The low-intensity version of this palette was also used in games occasionally. One example is Pharaoh’s Tomb, an early work by George Broussard at Apogee, who later went on to work on the Duke Nukem games.
Another trick often used by game developers was to switch the CGA card to BIOS mode 5, which in high-intensity mode gave you access to a black, white, light red and light cyan palette. It had the same limitations as the default cyan, magenta, black and white palette, but to my eyes, the red looked less garish than magenta.
A few games also ventured outside these palettes with some tricks, which usually involve replacing black as the background colour.
Sierra’s Leisure Suit Larry in the Land of the Lounge Lizards, for example, used palette 0 at low intensity, but replaced the black background colour with blue (it looks hideous). This palette worked well in golf game World Class Leaderboard, though, with green and brown trees, red leaves, green grass and blue skies and water – colours you should be able to take for granted.
Sierra used the same trick in King’s Quest IV: The Perils of Rosella, but using the BIOS mode 5 palette, again replacing the black with blue. The result was a blue, cyan, red and white palette, which worked well with blue sea against cyan sky, but meant the grass and trees looked very odd.
The other main graphical option available to standard CGA cards was the ‘high-resolution’ 640 x 200 monochrome mode. It was used in games that had a fair amount of detail in the graphics, such as Sim City, Death Track and Xenon II: Megablast, among others. It was also used for early GUI operating systems, such as Gem and Windows 3.0.
However, only the horizontal resolution was higher than the colour graphics resolution – the vertical resolution was the same. The result was double-height, rectangular pixels, rather than square ones. This mode also produced a hideous moiré effect on lots of CGA monitors, making it difficult to look at the screen.
There was one more trick to getting a standard CGA card to display more characters, and it involved cleverly using the composite output, rather than the 9-pin RGB monitor output. Irritatingly, most PAL TVs in the UK weren’t able to handle this mode, as it’s dependent on the NTSC chroma decoder mistakenly seeing some luminance signals as colour.
As a result, you could effectively make new colours by lining up pixels in certain patterns on an NTSC display, and again by using different intensities. By placing one colour pixel next to another one, you could make an entirely new colour, and it looked solid rather than a messy mix of pixels. The result is astonishing, enabling you to create a much wider colour palette.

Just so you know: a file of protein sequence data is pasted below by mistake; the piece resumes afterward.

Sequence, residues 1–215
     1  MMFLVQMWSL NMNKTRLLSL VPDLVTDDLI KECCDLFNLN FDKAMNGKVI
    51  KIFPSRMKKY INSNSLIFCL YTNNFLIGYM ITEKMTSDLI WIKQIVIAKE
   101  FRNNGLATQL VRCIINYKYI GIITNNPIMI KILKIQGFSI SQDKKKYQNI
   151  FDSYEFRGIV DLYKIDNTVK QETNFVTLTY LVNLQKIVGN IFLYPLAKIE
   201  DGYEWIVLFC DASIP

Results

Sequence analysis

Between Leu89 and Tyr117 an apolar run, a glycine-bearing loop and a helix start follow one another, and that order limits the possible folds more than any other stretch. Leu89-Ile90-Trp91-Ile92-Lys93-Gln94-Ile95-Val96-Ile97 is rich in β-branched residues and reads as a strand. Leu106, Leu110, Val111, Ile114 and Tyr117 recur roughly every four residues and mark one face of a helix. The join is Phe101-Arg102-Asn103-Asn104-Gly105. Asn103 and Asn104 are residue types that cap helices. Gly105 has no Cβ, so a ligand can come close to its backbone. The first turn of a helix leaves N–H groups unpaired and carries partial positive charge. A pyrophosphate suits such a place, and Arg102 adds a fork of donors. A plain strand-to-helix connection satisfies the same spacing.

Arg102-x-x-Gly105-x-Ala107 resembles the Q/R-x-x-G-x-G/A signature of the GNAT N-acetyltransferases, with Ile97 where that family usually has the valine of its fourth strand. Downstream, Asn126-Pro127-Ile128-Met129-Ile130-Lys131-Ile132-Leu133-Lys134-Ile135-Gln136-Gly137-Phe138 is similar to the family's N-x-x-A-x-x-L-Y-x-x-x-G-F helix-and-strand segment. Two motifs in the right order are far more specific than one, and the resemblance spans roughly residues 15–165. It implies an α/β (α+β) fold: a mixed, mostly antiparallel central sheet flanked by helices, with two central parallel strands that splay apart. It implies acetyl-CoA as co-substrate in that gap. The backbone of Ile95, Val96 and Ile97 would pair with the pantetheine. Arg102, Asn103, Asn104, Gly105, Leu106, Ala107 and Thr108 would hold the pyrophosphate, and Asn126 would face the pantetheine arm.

The disadvantage, of course, is that the effect can only be achieved by placing pixels next to each other, which effectively reduces the horizontal resolution from 320 to 160. Some games supported this mode, though, including Sierra’s original King’s Quest game.
Try CGA for yourself
In the unlikely event that you want to try out the shocking disgrace that is CGA graphics for yourself, you can do it in DOSBox. This handy software creates a virtual machine designed to recreate a high-spec PC from the 1990s. It loads a sound card and MIDI drivers automatically, and gets you set up with a mouse too. It’s great if you want to play a round of Doom or X-Wing.
However, later VGA cards didn’t support CGA palette-switching as standard. They could run CGA software, but usually in the default black, white, magenta and cyan palette, even if they used a different palette on a CGA machine. DOSBox runs in VGA mode by default, which results in the same problem. To get around it, you’ll need to open Options in your Start menu’s DOSBox folder, which takes you into the config file. Scroll down to the ‘[dosbox]’ section, and type ‘cga’ after ‘machine=’. After that, scroll down to the ‘[render]’ section, and type ‘true’ after ‘aspect=’.
On some monitors you may find that you still don’t get the correct 4:3 aspect ratio, even after changing the aspect setting to true. If that happens, we found that setting ‘fullresolution=’ to ‘1366x768’ fixed it on our 4K monitor. We have no idea why, but it seems to work.
If you want to run a really old game, it may also be optimised for early CPUs, and will run too fast on DOSBox’s standard settings. If you want to emulate an XT-era PC, scroll down to [cpu] and type ‘simple’ after ‘core=’ and change the number of cycles to 530 (this isn’t exact, but it was near enough in our tests).